Section: Editorial

Staff Editorial: The College’s COVID-19 responsibility

Kenyon seems to have left COVID-19 in the rearview mirror. Reminders of the peak of quarantine are largely gone. Although this is welcomed by many students, and reasonable given the decline in cases since the peak of the pandemic, COVID-19 levels are on the rise both nationally and in Gambier. Kenyon’s administration has a duty to ensure the health of its community and must recommit to providing students with resources to protect themselves and others from COVID-19.

In 2022, Kenyon began providing rapid tests to students outside of the Gund Commons Mailroom. For more than a year, students could test with ease from the convenience of their rooms. Then, with the expiration of the National Emergency on May 11, the College stopped receiving free COVID-19 test kits from the state of Ohio. Since then, rapid tests have only been available on campus in the Cox Health and Counseling Center via appointment.

Offering testing only at the Health Center is an inconvenience, a health risk and a misallocation of resources. Students can no longer simply set 15 minutes aside to test when they feel ill. Instead, they have to carve time out of their busy days to fit into the Health Center’s schedule of appointments. Students may have to wait to be tested, leaving them in the lurch and unaware if they are infecting others. And when staff are occupied with COVID-19 testing, they are unable to respond to other crises.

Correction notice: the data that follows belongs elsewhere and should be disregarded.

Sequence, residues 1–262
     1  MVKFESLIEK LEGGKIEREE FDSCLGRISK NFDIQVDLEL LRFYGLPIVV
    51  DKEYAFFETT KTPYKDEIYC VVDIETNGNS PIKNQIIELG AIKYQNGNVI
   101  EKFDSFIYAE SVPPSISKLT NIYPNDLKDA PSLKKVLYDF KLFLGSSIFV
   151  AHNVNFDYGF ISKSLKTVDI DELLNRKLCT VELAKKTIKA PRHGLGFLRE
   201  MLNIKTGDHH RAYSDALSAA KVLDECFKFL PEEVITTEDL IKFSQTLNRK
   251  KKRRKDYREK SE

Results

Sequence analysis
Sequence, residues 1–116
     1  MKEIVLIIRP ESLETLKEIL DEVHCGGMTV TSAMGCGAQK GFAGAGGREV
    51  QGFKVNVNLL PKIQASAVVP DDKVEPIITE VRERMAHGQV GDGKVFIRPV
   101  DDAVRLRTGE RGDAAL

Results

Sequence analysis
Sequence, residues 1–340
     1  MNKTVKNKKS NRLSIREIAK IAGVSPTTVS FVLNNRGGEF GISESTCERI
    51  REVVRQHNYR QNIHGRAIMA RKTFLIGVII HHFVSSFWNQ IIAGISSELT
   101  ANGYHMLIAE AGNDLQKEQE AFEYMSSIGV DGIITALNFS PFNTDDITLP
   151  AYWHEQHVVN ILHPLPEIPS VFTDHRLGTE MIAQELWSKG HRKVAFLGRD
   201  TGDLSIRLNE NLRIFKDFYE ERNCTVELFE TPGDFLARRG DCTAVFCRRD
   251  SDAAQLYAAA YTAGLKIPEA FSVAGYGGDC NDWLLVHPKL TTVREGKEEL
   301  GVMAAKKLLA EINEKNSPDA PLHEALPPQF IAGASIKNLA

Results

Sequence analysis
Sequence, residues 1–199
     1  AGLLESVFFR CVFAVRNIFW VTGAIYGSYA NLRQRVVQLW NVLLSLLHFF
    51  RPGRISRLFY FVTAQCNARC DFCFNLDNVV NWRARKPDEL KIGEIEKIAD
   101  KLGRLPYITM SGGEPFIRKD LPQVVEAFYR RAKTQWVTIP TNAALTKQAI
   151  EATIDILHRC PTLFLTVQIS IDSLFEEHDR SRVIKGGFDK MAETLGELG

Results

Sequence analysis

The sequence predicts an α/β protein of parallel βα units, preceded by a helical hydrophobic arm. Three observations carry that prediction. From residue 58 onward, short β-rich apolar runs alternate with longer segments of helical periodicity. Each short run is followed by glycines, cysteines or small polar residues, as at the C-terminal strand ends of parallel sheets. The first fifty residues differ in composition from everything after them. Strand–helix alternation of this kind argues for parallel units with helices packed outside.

Not only is it difficult for students to ascertain their own COVID-19 status, there is frustratingly little information available about the rate of COVID-19 infections on campus. Students learn through the grapevine which friends and classmates may have tested positive. Though the Biology department’s wastewater data is a key resource, it is subject to variance and does not reflect the exact number of infections in Gambier.

To offer a fuller picture of infection levels, Kenyon should resurrect its COVID-19 dashboard. At the height of the pandemic, the dashboard enabled students to track spikes in reported cases and adjust their behavior accordingly. Students deserve better than having to rely on gossip in Peirce Dining Hall or posts on YikYak, and Kenyon has a duty to provide as much information as possible. 

Finally, Kenyon must again offer a vaccine clinic. At the College’s first clinic in November 2021, 730 community members flocked to the Lowry Center for a booster shot. With a new booster on the horizon, along with this year’s iteration of the influenza vaccine, another clinic would provide students with easy access to vaccinations. Given Kenyon’s rural location, easing the burden students without cars on campus face is the College’s responsibility.

As the semester progresses and the seasons change, students should have the freedom to choose how they protect themselves and others against COVID-19. Kenyon must provide full and easy access to as many resources as possible to help students make those choices. 


Katie, Hannah and Audrey

The staff editorial is written weekly by editors-in-chief Katie Sparvero ‘25 and Audrey Baker ‘25 and managing editor Hannah Sussman ‘25. You can contact them at, and, respectively.


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